Statement by Ambassador Xolisa Mabhongo, Deputy Permanent Representative of South Africa to the United Nations, during the Security Council Meeting on Yemen, 15 October 2020
We thank Special Envoy Martin Griffiths; as well as Under-Secretary-General for Humanitarian Affairs and Emergency Relief Coordinator, Mark Lowcock, for their briefings.
South Africa continues to support Special Envoy Griffiths in his search for a peaceful solution to the situation in Yemen, despite the continuing violence and the persistent COVID-19 pandemic.
My delegation would like to reiterate that the dire humanitarian situation in Yemen, intensified by the COVID19 pandemic, is indistinguishably linked to the political impasse. As such my intervention will focus on these two elements, namely the humanitarian and the political situations.
On the humanitarian situation, South Africa continues to express concern regarding the devastating effect on the people of Yemen, in particular the women, children, the aged, internally displaced persons, and those with disabilities.
South Africa expresses concern that the surging violence risks worsening the widespread man-made hunger crisis in Yemen, where two-thirds of the population require food aid. Although there has been ongoing humanitarian assistance, over 20 million Yemenis are faced with the harsh reality of food insecurity.
7.4 million Yemenis don’t know where their next meal will come from, more than 12 million are in acute need of assistance to obtain drinking water and 2 million children require acute treatment for malnutrition, which can cause stunted growth and affect mental development. Yemen is already vulnerable, and it is doubly reprehensible to wage a war of starvation.
South Africa also calls on all parties to the conflict to agree to a unified set of measures to counter the spread of COVID-19, improve the delivery of humanitarian aid and provide impetus to the overall political negotiations to end the war in Yemen and alleviate the suffering of the Yemeni people.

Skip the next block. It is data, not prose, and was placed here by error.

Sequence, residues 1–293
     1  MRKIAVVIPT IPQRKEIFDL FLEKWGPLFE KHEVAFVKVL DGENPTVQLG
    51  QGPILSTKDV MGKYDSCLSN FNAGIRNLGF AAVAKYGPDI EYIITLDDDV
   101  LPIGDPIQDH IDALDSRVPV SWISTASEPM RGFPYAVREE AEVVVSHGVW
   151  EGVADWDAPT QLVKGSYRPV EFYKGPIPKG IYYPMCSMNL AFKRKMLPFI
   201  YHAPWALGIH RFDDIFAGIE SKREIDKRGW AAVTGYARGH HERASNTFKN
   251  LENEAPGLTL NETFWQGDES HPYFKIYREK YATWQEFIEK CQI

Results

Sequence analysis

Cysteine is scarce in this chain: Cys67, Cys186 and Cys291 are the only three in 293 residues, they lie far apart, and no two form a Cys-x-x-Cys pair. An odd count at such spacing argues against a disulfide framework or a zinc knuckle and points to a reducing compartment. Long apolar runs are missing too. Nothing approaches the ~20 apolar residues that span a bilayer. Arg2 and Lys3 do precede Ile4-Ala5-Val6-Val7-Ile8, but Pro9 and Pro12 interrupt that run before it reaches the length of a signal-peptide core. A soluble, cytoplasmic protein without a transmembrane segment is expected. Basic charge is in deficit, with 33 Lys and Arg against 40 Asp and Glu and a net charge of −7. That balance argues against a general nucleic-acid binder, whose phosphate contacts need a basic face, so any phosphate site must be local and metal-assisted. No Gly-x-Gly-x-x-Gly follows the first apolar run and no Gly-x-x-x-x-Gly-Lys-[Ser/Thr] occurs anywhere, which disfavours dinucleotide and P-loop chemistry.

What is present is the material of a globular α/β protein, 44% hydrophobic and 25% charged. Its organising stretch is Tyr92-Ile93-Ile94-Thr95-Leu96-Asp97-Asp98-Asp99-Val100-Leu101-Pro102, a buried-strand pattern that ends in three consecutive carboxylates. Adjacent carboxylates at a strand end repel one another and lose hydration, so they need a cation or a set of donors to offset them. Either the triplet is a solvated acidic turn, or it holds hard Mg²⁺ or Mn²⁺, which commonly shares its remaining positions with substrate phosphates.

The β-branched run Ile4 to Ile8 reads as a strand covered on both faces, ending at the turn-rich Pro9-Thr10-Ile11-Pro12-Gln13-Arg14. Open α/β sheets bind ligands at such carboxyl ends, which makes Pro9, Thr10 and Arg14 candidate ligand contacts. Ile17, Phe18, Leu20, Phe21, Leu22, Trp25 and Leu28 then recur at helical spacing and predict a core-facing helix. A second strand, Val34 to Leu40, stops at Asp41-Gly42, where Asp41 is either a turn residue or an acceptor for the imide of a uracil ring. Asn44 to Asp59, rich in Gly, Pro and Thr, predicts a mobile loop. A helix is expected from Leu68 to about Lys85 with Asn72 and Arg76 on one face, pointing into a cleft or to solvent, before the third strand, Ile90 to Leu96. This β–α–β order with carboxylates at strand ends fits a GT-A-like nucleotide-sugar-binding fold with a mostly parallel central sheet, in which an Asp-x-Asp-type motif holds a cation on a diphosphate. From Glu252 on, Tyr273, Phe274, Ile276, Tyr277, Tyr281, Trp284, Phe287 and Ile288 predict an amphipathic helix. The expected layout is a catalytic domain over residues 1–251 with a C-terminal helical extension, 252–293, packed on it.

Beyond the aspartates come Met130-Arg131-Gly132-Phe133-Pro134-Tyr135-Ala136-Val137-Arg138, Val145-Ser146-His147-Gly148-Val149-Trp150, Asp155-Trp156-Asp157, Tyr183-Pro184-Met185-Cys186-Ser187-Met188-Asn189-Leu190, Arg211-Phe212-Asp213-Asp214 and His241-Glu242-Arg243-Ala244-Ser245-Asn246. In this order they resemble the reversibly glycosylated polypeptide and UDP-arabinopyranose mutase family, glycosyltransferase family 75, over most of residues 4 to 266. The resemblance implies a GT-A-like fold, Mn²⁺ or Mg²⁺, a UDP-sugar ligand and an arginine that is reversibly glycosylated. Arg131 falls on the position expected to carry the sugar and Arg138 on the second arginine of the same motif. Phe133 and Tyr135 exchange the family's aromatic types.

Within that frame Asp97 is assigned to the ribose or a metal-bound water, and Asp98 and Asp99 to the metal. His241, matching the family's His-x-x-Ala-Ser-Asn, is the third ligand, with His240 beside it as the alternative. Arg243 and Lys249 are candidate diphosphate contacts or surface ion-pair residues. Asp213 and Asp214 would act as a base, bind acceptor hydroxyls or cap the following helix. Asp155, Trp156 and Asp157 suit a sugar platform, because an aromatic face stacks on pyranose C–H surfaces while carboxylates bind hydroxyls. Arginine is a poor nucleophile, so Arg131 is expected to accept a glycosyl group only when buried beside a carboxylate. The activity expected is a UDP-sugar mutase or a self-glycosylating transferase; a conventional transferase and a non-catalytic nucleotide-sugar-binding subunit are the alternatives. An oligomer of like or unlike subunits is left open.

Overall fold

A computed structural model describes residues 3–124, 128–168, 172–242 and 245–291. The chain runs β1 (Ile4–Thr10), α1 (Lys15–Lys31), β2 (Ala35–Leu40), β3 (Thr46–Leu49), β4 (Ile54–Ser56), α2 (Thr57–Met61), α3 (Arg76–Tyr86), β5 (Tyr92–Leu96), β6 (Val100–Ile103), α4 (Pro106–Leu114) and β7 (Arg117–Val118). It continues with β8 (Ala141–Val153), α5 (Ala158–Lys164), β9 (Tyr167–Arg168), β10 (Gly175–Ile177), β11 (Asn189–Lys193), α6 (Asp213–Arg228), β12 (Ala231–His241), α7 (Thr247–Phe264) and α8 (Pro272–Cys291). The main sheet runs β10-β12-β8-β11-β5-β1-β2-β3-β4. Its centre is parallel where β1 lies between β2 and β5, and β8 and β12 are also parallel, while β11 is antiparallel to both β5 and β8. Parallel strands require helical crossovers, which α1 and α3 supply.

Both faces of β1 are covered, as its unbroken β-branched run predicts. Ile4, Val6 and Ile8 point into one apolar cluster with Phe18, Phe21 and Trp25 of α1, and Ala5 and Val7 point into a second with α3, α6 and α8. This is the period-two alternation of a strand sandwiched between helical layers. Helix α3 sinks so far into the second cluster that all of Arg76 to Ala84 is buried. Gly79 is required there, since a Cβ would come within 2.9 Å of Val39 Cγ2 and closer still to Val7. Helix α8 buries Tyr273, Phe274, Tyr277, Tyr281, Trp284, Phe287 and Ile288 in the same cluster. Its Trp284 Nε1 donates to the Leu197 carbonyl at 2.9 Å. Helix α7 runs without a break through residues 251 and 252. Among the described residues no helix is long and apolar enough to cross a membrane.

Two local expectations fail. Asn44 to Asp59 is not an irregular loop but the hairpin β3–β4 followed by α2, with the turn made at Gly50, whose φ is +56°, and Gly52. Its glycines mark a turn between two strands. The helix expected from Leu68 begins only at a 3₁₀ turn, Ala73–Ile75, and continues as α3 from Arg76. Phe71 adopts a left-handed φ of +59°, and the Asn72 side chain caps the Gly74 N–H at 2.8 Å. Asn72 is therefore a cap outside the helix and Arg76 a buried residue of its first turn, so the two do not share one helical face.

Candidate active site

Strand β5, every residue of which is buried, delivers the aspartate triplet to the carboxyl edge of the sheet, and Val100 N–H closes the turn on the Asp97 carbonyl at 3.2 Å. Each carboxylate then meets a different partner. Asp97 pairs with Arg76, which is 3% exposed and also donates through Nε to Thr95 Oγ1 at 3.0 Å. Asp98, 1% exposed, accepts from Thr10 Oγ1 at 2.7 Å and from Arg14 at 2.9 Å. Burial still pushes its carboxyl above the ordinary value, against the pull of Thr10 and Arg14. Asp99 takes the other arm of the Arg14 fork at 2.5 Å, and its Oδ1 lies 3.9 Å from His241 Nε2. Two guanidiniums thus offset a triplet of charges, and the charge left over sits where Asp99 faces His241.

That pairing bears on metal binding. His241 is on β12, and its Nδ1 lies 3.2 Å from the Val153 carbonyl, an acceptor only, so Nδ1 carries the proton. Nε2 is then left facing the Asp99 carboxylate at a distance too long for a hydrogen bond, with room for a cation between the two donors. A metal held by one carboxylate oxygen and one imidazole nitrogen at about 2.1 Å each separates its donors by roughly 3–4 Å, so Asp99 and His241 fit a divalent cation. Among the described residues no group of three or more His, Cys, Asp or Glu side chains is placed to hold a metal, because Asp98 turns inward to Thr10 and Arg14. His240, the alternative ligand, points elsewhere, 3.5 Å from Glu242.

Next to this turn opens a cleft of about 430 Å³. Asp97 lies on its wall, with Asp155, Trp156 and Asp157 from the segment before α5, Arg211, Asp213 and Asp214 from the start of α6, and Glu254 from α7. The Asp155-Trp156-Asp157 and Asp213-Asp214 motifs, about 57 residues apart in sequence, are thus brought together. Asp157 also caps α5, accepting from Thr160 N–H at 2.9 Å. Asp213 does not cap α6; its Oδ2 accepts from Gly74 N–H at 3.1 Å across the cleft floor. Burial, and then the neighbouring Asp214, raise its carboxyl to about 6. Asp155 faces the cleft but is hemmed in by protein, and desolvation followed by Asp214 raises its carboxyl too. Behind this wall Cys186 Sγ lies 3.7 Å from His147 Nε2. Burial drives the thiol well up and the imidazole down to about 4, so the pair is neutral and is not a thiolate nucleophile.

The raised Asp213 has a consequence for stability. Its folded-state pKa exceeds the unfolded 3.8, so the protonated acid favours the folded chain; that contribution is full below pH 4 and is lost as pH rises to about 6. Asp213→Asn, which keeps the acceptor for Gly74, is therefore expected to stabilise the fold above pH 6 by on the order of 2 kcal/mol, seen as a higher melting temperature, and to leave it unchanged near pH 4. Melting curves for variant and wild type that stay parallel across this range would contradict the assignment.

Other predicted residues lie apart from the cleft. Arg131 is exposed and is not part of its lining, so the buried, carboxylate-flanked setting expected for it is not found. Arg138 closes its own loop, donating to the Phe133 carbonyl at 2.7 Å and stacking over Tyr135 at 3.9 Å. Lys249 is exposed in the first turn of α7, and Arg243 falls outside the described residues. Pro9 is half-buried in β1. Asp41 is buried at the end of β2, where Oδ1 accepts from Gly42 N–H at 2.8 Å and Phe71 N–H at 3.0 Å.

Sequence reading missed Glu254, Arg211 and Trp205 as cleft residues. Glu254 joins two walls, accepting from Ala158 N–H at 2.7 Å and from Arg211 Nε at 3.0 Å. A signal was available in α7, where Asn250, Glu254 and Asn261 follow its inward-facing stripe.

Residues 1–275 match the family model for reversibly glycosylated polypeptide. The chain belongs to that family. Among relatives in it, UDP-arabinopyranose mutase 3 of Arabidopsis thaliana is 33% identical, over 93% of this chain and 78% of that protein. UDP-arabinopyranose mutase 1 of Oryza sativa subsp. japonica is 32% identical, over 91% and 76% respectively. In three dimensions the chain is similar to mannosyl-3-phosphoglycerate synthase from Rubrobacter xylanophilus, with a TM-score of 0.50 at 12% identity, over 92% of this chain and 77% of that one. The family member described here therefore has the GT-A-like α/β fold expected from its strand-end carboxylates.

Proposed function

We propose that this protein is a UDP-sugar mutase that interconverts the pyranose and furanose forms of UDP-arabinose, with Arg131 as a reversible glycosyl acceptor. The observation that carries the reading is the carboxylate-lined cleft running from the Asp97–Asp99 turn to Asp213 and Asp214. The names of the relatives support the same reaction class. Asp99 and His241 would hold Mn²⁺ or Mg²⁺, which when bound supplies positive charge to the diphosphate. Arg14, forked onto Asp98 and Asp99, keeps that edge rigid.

We consistently highlight the importance of all parties abiding by their obligations and responsibilities under international humanitarian law and international human rights law, and to take all measures necessary to end and prevent violations against civilians.
On the political impasse, South Africa is concerned that the fighting in Yemen has intensified in recent days, threatening to unravel a stalled peace process and deepen the world’s worst humanitarian catastrophe.
This past week, Hodeida saw the worst escalation in violence since the truce two years ago. The number of civilian casualties nationwide in September, was the highest since last November, with 67 killed and 123 injured.
We urge all parties to the conflict to immediately cease hostilities in line with the Secretary General’s global ceasefire call and UNSC Resolution 2532 (2020) and to agree on confidence building measures, such as the payment of civil servants, reopening of Sana’a airport and lifting of commercial import restrictions. The effects of the blockade are worse than the aggression itself, both a cease-fire and lifting the siege are required to start the peace process.
We reiterate our position that a military response is not a viable solution and call on all parties to approach the resumption of the political negotiations with a spirit of compromise, placing the interests of all Yemeni’s at the centre of a negotiated political settlement. We appeal to all parties to avoid the stance of gaining “absolute” positions.
South Africa calls on all parties to engage in good faith and without preconditions with Special Envoy Martin Griffiths in order to reach a comprehensive negotiated settlement to end the conflict, and that this be done in parallel to continued efforts to implement the Stockholm and Riyadh Agreements.
South Africa applauds the progress made under the Stockholm Agreement, in terms of the agreement to swop over 1000 prisoners. We urge the parties to implement this agreement hastily and for further measures to be taken towards implementing the Stockholm Agreement. We hope that this success would provide impetus towards the much-anticipated implementation of the Hodeida Agreement.
We also are encouraged that this progress can resolve the lack of access and inspection of the Safer Tanker so that this looming threat will be dealt with on a purely technical basis, without politicisation.
In conclusion, Mr President,
South Africa reiterates that the only solution to the conflict in Yemen would be an inclusive Yemeni-led, Yemeni-owned, political settlement that will deliver on the hopes of the Yemeni people for a strong economic and political future. In this context we also call for the full and meaningful participation of women in all aspects of an inclusive political process.
I thank you.
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